Next is a 2009 32-minute documentary by Marcel Ophuls (son of Max Ophuls) called Max by Marcel. Made up of a new interview with Marcel and then various archival interviews (some of which come from the Cinéastes de notre temps episode found on this disc) it covers some of the various projects that were worked on though never came to be between Madame de… and Lola Montès and then moves on to Lola Montès. Through the interviews the film’s production is thoroughly covered (revealing a few little things I wasn’t completely aware of, like the fact the producers had mafia ties, or Ophuls thought Carol was particularly awful in the lead role) all the way up to its disastrous release. Marcel then talks about his father’s intentions for the film and the (then) new restoration of the film. You can tell that for Marcel the road to the restored version Lola Montès was a long, frustrating one but, he seems happy, calling the whole journey a “wonderful victory over time and imbeciles.” Another excellent feature.

Next up is a short 1-minute clip that appeared on French television in 1958 (though there’s no explanation given as to why) showing Martine Carol hair tests. This silent montage shows some of the various hair styles that Carol wore throughout the film. Somewhat interesting, though a somewhat bizarre inclusion I felt.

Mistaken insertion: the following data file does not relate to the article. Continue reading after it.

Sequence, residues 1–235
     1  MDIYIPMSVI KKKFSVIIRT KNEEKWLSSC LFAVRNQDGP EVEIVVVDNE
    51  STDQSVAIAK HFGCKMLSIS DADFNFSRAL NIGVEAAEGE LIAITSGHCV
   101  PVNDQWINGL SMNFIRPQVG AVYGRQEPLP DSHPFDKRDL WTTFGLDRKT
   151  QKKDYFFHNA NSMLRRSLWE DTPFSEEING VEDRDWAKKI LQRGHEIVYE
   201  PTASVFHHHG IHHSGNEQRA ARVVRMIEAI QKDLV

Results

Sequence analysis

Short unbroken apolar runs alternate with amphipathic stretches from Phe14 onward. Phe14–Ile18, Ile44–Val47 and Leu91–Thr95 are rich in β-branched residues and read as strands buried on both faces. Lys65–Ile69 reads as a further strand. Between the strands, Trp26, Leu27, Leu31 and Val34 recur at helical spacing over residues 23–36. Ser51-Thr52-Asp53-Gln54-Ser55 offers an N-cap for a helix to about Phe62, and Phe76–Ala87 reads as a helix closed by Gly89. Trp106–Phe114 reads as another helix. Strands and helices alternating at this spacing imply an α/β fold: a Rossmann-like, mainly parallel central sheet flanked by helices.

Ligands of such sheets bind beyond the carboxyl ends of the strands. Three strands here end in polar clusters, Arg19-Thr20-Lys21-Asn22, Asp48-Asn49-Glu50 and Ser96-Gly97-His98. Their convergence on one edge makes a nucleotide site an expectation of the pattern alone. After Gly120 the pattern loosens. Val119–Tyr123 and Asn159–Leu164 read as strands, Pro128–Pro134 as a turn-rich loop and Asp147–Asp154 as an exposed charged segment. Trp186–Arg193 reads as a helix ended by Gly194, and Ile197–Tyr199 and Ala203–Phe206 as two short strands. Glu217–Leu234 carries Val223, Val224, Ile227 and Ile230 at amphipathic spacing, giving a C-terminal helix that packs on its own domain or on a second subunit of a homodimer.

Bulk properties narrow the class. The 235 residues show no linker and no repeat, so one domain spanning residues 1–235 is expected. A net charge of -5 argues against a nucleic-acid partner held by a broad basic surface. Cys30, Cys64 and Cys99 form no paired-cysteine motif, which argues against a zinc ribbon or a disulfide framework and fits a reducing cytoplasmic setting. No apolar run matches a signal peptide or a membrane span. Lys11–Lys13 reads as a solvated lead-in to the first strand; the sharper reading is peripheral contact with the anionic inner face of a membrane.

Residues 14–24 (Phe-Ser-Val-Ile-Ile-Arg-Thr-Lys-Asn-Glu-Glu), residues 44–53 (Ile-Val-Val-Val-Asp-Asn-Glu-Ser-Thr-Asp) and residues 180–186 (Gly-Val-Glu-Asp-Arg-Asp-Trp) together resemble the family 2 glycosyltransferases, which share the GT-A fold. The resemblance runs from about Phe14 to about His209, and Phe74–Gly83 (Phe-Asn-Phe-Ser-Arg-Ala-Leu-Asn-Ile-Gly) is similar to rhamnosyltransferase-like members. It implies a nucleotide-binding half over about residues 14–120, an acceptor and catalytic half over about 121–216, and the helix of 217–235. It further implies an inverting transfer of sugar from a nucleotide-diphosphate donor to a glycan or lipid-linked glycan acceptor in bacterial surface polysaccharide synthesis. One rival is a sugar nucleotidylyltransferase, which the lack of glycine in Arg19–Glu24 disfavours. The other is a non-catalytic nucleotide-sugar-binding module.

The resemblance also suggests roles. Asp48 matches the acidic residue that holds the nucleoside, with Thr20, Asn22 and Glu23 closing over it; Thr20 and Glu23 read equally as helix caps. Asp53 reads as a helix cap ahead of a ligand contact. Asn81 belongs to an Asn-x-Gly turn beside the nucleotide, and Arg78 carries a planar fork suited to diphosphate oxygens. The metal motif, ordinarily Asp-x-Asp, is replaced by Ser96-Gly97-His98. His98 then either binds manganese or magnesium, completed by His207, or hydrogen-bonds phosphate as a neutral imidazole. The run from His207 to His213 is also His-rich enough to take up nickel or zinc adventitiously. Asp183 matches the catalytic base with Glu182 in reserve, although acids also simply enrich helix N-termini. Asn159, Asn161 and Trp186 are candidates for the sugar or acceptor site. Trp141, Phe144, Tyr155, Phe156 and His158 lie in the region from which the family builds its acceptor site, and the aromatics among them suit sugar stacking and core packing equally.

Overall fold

The supplements then closes with Rialto’s rerelease trailer for the film.

The included booklet has a nice, lengthy essay by Gary Giddens, covering the film, the actual Lola Montez, Ophuls’ representation of her, and the film’s reception. Also included is a rather lengthy note on the restoration and transfer, running a couple of pages, longer than Criterion’s usual notes on their transfers. The film actually opens with its own notes on the restoration but the booklet presents more detailed information.

This is my first time with the film, and though I’m sure if I tried I could track down the other versions of the film, it would have been interesting to have some sort of video presentation on the different versions. Also, I would have liked more on the finished restoration. Otherwise it’s a decent if not loaded edition. Some repetitive material but overall everything is worth going through.

7/10

CLOSING

A slim but lovely release. The picture quality has some issues because of the source elements, namely it never looks altogether that sharp, but the high-def transfer is still quite clean and presents beautifully rendered colours. My only real complaint is a little more on the various versions of the film and/or its restoration would have been a nice addition, but what has been included is of decent quality. Overall a nice treat and it comes with a strong recommendation.